Landing : Athabascau University

Feminism for a new decade

I'm finally back from my holiday internet hiatus, and I spent some time today browsing my favorite blogs. The one post that really struck me was the one by Grant McCracken talking about feminism in Japan. The whole post is at:


In the post, McCracken talks about how the Japanese birthrate is at less than 2 children per woman, and dropping, not because of a "one child" policy like China, but because more and more women are not marrying and having children, or not doing so until much later in life. A couple of "eminent" and very male scholars have apparently decided that the main cause of this issue in Japan, is that young Japanese women are being selfish.


Because of course, it has nothing to do with the fact that being a wife and mother is an all-consuming occupation in Japan, which is still a deeply patriarchal society with little opportunity for careers for women and those opportunities that are available are only accessible for single, childless women. It has nothing to do with the fact that Japanese men still take their role as the centre of the lives of their wives, mothers and daughters completely for granted, and it cannot possibly be because refusing to get married and have children is the only way a young woman can opt out, even a little bit, of the patriarchal box women are shoved into.


It couldn't possibly be that. Because Japanese young women are simply being selfish. So sayeth the Japanese male scholars.


Ok, yes, it got under my skin. More than a little bit.


On a completely different topic, tomorrow is my first day of teaching at the Yellowhead Tribal College, a First Nations College here in Edmonton. I'm teaching Math 10 and 20 for their high school upgrading program (a woman math teacher? gasp!). I'm a bit jittery about it, because I've never taught formally like this before (though I've taught informally and in articles and speeches plenty), so this will be an adventure. So I expect many of my future blog posts will have to do with teaching in general, and math (and science?) teaching in particular.


So cheers to a New Year and new adventures.


  • An anecdote: I took my Galpal to a very traditional and conservative xmas party over the holidays. Our feminisms aren't exactly separatist - we do know and love quite a few men - but they're definitely a bit insular: we know and love only Good Feminist Men. It is a myopic view of our own culture that allowed us to be completely stunned, when we were playing a party game (each guest had trivia about another guest hidden under their plate, and had to guess who it was about), and the fellow who received a fact about the ludicrously overlong name of Galpal's degree asked every man at the table if he had a masters degree, then looked at our host and said "I don't know who it could be." Our jaws hit the floor a second time, after dinner, when all the men handed their dirty plates to their female partners and retired to the living room, and nobody said a word because it was just normal.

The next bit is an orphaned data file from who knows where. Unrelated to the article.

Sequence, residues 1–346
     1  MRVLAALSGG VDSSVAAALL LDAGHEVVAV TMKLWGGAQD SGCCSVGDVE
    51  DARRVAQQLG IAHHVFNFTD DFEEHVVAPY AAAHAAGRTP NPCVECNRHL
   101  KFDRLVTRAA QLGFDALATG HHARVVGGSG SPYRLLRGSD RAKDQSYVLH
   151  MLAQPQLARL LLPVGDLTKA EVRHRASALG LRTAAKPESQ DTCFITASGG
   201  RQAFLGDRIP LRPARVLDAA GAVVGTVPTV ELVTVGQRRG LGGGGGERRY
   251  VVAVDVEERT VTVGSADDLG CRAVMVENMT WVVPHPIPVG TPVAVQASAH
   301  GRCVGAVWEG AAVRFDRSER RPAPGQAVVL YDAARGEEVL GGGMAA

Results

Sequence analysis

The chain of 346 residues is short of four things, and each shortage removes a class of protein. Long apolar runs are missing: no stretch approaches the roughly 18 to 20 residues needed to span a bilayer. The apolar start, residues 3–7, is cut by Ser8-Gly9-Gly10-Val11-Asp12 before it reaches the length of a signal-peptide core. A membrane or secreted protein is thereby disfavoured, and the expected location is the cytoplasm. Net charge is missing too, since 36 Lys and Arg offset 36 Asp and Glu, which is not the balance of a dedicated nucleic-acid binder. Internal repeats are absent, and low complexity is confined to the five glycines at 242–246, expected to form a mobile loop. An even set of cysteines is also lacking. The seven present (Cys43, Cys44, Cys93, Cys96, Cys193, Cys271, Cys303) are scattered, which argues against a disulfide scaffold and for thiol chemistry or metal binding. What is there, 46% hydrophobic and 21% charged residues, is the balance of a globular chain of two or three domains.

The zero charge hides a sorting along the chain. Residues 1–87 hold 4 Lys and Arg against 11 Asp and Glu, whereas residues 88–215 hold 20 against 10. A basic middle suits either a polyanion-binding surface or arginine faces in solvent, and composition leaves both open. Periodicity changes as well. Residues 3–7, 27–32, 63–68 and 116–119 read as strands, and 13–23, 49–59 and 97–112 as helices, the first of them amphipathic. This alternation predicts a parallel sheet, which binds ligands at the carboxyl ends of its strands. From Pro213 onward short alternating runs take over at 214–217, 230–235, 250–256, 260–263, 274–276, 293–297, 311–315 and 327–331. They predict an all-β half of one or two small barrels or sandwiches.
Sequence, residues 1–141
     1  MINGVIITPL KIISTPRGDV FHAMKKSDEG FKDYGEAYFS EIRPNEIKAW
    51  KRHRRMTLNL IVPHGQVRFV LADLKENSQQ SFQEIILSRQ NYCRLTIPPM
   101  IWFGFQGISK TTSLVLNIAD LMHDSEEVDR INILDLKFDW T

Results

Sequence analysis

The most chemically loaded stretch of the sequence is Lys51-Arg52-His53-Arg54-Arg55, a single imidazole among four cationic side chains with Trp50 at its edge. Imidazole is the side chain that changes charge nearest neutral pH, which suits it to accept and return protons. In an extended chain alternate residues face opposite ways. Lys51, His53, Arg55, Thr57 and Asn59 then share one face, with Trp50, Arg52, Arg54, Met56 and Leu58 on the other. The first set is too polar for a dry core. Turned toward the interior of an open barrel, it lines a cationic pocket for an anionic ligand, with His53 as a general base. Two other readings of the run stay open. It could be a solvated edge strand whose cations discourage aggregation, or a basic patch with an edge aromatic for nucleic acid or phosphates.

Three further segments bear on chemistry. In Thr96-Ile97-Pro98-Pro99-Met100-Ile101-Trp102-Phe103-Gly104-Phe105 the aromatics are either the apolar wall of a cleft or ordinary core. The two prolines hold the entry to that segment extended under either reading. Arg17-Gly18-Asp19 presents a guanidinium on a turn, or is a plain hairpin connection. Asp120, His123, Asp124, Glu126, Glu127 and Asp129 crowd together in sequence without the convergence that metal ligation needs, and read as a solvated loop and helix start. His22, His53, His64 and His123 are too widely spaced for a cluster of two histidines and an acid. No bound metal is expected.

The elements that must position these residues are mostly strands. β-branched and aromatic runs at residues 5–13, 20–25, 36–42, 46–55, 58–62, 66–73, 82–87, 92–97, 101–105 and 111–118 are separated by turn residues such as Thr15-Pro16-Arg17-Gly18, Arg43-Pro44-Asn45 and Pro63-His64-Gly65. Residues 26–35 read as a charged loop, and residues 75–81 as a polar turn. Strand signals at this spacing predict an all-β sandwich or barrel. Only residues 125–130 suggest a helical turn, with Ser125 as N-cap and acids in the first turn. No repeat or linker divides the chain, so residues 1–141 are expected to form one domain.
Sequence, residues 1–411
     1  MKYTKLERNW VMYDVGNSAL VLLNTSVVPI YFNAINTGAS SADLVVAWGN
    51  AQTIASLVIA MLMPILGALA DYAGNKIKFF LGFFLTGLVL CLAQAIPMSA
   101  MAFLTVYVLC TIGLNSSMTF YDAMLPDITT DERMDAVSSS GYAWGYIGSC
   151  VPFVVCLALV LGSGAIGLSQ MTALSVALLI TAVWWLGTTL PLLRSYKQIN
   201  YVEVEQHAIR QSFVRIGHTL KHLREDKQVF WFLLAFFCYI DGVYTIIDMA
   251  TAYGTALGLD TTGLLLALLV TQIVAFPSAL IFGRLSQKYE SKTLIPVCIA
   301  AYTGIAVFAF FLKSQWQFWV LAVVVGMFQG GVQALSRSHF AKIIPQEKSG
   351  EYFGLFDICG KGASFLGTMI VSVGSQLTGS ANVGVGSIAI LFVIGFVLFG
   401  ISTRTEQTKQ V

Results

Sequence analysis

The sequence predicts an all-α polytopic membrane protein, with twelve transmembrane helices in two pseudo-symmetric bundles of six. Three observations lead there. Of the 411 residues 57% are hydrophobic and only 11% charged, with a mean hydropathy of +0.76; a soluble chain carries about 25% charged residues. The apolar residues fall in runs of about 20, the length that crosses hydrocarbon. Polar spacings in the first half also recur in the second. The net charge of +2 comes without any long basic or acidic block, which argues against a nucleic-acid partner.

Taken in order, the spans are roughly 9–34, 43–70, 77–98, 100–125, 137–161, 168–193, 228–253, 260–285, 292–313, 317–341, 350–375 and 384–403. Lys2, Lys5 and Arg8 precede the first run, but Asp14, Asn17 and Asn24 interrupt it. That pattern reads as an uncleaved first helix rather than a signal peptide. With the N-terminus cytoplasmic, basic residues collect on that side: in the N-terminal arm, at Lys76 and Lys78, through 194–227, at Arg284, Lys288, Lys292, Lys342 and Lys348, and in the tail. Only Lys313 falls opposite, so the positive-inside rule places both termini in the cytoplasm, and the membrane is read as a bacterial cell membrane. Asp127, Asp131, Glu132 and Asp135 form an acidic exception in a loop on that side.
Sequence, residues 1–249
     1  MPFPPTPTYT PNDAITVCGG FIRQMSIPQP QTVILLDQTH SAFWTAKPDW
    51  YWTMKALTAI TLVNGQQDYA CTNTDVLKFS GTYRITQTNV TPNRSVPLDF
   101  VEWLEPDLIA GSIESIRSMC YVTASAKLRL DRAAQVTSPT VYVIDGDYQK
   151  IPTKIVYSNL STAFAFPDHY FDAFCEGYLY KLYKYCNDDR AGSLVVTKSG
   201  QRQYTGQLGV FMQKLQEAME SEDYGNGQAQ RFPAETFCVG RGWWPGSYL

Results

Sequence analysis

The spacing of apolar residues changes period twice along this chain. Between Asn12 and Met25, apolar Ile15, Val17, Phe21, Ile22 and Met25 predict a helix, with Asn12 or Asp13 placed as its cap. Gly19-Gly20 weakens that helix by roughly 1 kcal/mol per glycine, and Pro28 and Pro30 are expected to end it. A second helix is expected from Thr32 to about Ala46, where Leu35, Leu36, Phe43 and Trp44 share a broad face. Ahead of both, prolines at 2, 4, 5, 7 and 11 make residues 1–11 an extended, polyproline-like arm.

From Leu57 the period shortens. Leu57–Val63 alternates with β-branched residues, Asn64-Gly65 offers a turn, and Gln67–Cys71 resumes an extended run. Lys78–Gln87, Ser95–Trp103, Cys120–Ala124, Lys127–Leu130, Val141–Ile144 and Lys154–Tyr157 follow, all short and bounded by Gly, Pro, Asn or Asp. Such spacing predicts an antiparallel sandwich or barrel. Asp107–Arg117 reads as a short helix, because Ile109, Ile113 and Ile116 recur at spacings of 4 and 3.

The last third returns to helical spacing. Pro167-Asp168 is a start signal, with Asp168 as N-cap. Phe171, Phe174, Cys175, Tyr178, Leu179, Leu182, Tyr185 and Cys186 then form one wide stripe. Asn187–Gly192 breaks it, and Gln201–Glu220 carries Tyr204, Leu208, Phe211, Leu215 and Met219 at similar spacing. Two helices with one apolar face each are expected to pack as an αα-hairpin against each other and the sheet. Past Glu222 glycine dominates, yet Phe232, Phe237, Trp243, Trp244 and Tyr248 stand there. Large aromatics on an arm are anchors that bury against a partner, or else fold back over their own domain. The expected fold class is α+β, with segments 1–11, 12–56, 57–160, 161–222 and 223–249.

I feel like feminism is always playing catch-up. We leap out of one patriarchal box, where gendered oppression is normal and natural, and into another one - often also racialized and divided by colonization and class war - where it's somebody else's daily collective struggle, not our own. Feminism for a new decade is a beautiful idea; I'd love to find that feeling that we're acting in the present and actually determining a few realities of our own.

    That said, young women in Japan dropping out of the heterosexual agenda = fabulous, good for them!! 

    sarah beth January 3, 2011 - 3:41pm

  • Hi Sarah,


    That is fairly just didn't occur to them that a woman might have a graduate degree? Where have they been for the last few decades?


    But with that said, the last statistics that I saw was that women have outnumbered men in earning undergraduate degrees for about ten years now - about three years ago the split was about 55-45 in favor of women and rising. But the number of women earning graduate degrees was still significantly lower than that of men, with fewer than 40% of graduate degrees going to women each year, if I recall correctly.


    Since graduate degrees have a fairly tight link to higher earning power and higher social power, women in general have a way to go. Especially since I've also heard stats saying that women are much more likely to drop out of a graduate program than men, because other life demands (such as much higher expectations for caregiving of children and elderly parents) take too much time and they can't get the school work done.


    I'm also not sure whether to laugh or cry when I see Sarah Palin, a "career" woman, promoting a party and platform that says that a proper woman's role is at home, with her life centered around her husband and children. If the women involved with the Tea Party in the US aren't an example of the oppressed internalizing the oppressor and oppressing themselves, I don't know what is.


    I wouldn't say that young women in Japan are opting out of the heterosexual agenda so much as the patriarchal agenda, but yes, I'm cheering them on, too. I wonder how long it will be before the patriarchs actually notice what they're doing and why...

    Heather von Stackelberg January 4, 2011 - 4:31pm

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